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Apple Appears to Have Acquired GPS Firm Coherent Navigation [Confirmed]

In one of its latest efforts to bolster its mapping capabilities, Apple appears to have acquired Coherent Navigation, a Bay Area GPS-related firm founded in 2008 by engineers from Stanford and Cornell.

One of Coherent Navigation's areas of focus was High Integrity GPS ("iGPS"), a system that combines signals from the traditional mid-earth orbit GPS satellites with those from the low-earth satellites of voice and data provider Iridium to offer greater accuracy and precision, higher signal integrity, and greater jam resistance. Iridium touts iGPS as having the potential to provide location information accurate to within centimeters.

coherent_navigation_website
A number of Coherent's key employees recently began working for Apple, including tech veteran and CEO Paul Lego in January and co-founders William Bencze and Brent Ledvina as of last month. Coherent's website has also been taken offline, but on April 30 the name servers for the domain were updated to point to Apple's servers.

It is unclear exactly what the Coherent Navigation team is working on at Apple and whether there was a specific technology Apple was interested in or if it simply wanted to apply the expertise of Coherent's employees to its own projects. Lego simply notes that he is now a member of Apple's Maps team, while Ledvina and Bencze are working in similar location engineering roles.

Coherent Navigation would be just the latest in a long string of mapping-related acquisitions Apple has made over the last several years, including the developers behind Pin Drop, Locationary, WifiSLAM, Hopstop, Embark, and Broadmap. Apple has continued to improve its mapping services since a rough transition away from Google Maps with the release of iOS 6 in 2012, with the company working to add features like transit information and perhaps Street View-like imagery to its services.

Update: Apple has given its standard confirmation statement to The New York Times.
“Apple buys smaller technology companies from time to time, and we generally do not discuss our purpose or plans,” the company said.
No other details on the deal have been released.



Top Rated Comments

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18 months ago
I predict Apple Maps will totally blow away Google Maps after after the June 10th WWDC announcements. They have been working on this release for about 3 years and have purchased the following companies:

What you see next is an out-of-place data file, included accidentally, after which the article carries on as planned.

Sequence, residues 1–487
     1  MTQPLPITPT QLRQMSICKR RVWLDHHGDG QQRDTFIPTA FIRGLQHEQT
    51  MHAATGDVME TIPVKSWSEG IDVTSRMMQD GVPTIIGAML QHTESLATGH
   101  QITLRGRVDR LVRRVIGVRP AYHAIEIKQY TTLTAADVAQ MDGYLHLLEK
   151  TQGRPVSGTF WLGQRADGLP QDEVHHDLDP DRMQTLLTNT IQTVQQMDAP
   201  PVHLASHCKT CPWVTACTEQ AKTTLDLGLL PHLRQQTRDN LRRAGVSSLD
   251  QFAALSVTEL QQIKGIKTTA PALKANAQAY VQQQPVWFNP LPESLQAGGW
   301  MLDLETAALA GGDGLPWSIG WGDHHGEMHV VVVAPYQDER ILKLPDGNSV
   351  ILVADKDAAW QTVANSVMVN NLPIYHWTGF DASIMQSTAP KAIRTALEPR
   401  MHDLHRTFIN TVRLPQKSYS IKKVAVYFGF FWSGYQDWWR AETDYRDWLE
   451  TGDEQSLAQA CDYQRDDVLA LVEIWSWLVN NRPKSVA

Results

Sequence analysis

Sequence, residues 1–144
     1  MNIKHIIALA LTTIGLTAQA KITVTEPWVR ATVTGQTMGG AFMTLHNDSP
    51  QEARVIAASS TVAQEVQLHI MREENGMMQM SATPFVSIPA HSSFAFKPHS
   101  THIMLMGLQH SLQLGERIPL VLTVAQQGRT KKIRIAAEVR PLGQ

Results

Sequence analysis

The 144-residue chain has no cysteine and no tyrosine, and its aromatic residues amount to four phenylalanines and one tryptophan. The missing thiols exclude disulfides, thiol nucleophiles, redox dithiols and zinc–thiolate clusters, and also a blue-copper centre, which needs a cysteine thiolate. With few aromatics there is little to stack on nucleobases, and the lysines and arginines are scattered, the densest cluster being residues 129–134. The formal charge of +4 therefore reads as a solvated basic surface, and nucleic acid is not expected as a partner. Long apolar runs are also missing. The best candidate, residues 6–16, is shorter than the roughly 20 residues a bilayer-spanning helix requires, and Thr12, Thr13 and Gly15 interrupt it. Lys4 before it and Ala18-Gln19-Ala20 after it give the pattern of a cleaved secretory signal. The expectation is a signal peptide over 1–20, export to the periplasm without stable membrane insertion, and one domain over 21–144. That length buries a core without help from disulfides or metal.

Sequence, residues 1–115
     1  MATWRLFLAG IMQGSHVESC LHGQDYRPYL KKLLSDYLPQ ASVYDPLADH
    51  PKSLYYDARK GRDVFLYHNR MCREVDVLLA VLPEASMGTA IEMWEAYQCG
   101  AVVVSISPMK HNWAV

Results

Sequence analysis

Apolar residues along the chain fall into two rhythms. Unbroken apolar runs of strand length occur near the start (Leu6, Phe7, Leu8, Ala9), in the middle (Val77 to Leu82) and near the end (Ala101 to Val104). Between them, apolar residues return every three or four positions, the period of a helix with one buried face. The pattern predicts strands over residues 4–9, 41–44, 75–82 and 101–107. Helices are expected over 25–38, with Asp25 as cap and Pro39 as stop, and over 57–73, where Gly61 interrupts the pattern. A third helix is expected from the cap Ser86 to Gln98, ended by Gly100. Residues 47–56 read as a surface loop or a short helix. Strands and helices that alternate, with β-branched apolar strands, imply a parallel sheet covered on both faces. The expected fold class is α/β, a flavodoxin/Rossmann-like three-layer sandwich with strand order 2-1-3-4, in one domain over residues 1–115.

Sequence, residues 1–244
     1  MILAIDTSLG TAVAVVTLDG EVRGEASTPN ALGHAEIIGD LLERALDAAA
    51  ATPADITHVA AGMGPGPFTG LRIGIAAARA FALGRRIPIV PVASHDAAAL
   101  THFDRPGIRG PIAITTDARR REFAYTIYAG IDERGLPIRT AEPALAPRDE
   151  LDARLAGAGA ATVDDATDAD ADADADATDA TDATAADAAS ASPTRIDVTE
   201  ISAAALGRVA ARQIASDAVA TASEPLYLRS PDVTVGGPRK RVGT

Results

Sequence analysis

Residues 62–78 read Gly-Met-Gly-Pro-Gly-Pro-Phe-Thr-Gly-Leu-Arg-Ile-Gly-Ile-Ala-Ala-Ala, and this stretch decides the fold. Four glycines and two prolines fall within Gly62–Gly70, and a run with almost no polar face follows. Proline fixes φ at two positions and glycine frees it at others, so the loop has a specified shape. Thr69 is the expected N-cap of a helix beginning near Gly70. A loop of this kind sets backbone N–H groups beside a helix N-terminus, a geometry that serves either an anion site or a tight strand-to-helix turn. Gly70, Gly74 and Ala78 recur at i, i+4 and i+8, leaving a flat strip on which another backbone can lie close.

PlaceBase
Poly9
C3 Technologies
WiFiSlam
Locationary
HopStop
Embark
BroadMap

Read about these companies expertise and you will better understand Apple Maps. The Apple Maps platform already beats Google Map in several categories not to mention user interface and architecture.

If Apple bought Coherent, it is for their expertise in working with Iridium's network which allows communication globally when out of cellular range. You can buy an Iridium Go on Amazon for about $800 which will allow you to communicate globally with your cell phone.

Check it out here: https://youtu.be/hcrBE5hkuRU

Check out this Stanford presentation...
http://scpnt.stanford.edu/pnt/PNT09/presentation_slides/12_Bencze_iGPS.pdf
Rating: 17 Votes
18 months ago
I wonder if Apple knows that it is the data within the maps that is woefully inadequate?

Apple maps is unusable in the Caribbean and the Middle East.
Rating: 14 Votes
18 months ago

For Apple Car?


That's what I was thinking. A self driving car needs a very detailed map / navigation system.
Rating: 13 Votes
18 months ago
I've seen some big advances in the Maps on my phone.. I still keep Google Maps as a backup.. But its definitely getting better..
My only disappointment is the search.. Some things aren't their.. or lets say I search for iHop.. Well if an iHop is 2 minutes away.. it only shows that iHop. It doesn't allow me to zoom out and see all iHop locations so that I can choose which one I want to go to.. And thats what sucks
Rating: 10 Votes
18 months ago
For Apple Car?
Rating: 7 Votes
18 months ago

I wonder if Apple knows that it is the data within the maps that is woefully inadequate?

Apple maps is unusable in the Caribbean and the Middle East.


Heaven forbid they continue to develop hardware while the software continues to play catch up, which was always going to take years to improve.

I primarily use GPS in the backcountry where there is no cell service and online maps cannot be used. Any improvement in signal retention is helpful.